Kebony makeover for Norwegian farmhouse melds tradition with modernity

22 April 2016

A rundown 19th Century farmhouse on the east side of Norway’s River Glomma has been given a modern makeoever by LINK architects.

Despite the modernisation, efforts were taken to retain and articulate its traditional Norwegian heritage, with Kebony used to good effect to fashion a suitable synthesis of old and new.

The Lersch family bought the dilapidated farmhouse shortly after the millennium and were keen to preserve the historic building, intending to restore one of the last historic farmsteads, prominent in the area in the early 1900s.

They sought to develop an annex to extend the existing residential property and redevelop the original triangular-roofed farmhouse building. Some sections needed to be demolished, other parts required significant attention.

The design was heavily influenced by traditional gable-roofed farmhouses with the new-build intending to modernise the antiquated aesthetic in a minimalistic manner. The beautiful setting was also paramount to the design and inspired the openness of the building’s sides facing the old garden.

Glass and aluminium have been used extensively throughout. Both the roof and façade of the extension are clad with Kebony, chosen by the architects as it helped maintain the traditional style of the original farmhouse.

Initially Kebony cladding has a deep brown colour – similar to that of tropical hardwoods – but when exposed to light and weathering over time the colour of the wood softens to adopt a delicate silver-grey patina, in keeping with the light tones of the wood panelling on the inner walls.

The patented Kebony technology is a unique process that modifies sustainably sourced wood species with furfuryl alcohol, a liquid produced from agricultural crop waste. With the addition of heat the furfuryl polymer is permanently grafted into the wood cell wall, resulting in greatly improved durability and dimensional stability; making the wood resistant to biological decay and harsh weather conditions, without the need for expensive and environmentally-damaging treatments.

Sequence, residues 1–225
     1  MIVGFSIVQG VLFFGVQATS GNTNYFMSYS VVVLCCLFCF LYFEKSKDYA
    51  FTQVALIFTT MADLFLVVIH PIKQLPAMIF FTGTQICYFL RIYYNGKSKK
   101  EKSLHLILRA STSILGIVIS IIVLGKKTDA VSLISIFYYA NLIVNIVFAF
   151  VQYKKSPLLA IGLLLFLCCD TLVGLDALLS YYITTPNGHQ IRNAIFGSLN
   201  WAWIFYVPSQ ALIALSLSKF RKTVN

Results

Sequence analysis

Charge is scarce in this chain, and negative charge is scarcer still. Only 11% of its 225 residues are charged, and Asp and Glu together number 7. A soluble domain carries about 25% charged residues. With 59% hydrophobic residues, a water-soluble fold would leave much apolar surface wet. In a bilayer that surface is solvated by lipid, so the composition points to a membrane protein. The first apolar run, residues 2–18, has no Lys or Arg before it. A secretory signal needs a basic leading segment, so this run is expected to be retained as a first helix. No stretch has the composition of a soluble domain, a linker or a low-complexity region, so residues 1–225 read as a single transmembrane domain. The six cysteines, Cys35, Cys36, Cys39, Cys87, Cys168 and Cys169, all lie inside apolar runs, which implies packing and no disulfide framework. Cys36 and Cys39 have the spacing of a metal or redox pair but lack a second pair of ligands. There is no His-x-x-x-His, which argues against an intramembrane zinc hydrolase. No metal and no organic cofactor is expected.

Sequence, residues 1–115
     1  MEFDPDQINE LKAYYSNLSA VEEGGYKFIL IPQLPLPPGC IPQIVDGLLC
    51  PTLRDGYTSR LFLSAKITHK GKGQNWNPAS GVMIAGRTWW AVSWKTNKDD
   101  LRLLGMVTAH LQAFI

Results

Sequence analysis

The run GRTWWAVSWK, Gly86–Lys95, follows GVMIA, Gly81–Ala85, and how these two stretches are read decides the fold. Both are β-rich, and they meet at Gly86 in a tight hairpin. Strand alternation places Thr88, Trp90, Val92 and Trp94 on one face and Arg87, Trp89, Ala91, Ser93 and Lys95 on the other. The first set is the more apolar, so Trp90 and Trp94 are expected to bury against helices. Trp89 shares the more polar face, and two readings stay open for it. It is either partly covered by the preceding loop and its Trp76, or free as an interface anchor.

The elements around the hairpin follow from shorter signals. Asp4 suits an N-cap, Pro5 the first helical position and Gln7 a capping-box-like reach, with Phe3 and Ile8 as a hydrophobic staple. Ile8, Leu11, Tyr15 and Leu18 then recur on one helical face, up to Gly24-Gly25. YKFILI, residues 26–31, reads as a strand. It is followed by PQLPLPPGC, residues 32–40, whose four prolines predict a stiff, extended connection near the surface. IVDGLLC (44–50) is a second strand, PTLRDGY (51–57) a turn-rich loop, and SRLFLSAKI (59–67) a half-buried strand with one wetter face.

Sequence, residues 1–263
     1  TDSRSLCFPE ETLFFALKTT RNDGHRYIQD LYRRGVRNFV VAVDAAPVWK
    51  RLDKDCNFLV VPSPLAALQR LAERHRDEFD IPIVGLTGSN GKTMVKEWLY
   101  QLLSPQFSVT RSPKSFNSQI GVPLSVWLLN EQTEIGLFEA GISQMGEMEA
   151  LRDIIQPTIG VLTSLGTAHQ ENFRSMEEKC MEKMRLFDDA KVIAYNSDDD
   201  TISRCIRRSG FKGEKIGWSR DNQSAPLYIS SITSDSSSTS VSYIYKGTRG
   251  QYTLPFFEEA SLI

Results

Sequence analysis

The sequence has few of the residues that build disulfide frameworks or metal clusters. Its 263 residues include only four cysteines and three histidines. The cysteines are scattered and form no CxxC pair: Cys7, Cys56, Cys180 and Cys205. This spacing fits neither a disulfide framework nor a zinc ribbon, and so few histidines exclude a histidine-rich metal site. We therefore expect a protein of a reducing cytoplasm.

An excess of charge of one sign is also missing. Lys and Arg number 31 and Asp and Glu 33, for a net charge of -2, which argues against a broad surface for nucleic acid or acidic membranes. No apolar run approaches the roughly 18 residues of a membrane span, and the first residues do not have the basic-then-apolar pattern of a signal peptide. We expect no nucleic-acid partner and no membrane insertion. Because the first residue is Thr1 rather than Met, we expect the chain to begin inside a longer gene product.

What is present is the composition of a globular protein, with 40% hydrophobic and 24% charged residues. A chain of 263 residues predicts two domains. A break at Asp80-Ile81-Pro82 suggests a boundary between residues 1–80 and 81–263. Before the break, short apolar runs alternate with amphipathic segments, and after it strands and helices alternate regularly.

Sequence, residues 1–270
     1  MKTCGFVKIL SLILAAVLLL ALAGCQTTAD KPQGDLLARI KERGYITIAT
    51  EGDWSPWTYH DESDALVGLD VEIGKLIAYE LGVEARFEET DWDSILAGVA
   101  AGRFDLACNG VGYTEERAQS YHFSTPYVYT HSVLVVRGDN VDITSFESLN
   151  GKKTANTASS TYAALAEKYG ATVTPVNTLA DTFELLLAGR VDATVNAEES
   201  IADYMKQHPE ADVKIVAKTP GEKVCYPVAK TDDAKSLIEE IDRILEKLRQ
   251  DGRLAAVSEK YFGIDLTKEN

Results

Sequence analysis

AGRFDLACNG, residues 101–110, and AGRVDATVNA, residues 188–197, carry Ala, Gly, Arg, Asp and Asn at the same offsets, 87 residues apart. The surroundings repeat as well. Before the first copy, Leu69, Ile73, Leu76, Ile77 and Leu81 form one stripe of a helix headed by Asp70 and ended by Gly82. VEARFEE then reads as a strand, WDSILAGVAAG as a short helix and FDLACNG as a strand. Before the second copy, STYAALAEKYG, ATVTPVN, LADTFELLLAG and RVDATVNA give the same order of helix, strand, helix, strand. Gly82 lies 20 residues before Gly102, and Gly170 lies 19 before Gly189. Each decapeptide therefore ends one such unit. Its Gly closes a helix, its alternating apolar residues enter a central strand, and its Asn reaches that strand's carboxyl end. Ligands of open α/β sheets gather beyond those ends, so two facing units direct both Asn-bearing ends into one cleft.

To further enhance the eco-friendly credentials of the building, the ground floor is made of recycled concrete and houses an intricate heating mechanism wherein pipes embedded in the floor are supplied with hot water from a heat exchanger connected to a ground well. This utilises the constant subterranean temperature of the earth to heat the building in winter and dissipate heat when needed in the summer.

Architectural innovations continue to the downpipes and gutters. These are cleverly concealed behind the cladding to ensure that water is drained away behind the façade whilst snow sliding from the roof far is directed away from the gutter. This inventive solution ensures the water drainage is kept free of ice and doesn’t freeze during the winter months, preserving the beauty of the exterior.

Martin Ebert, LINK’s lead architect on the project said: “This project has been fascinating to work on with the traditional Scandinavian design style interwoven with modern architectural elements. The Kebony cladding is a really exciting way to keep traditional architecture alive without the negative environmental impact associated with hardwood deforestation.”

Mette Valen, team leader Norway at Kebony added: “The farmhouse is a stunning project that we are delighted to be a part of. Martin and his team have created a really distinctive style, combining both function and beauty to create a sustainable, picturesque family home.”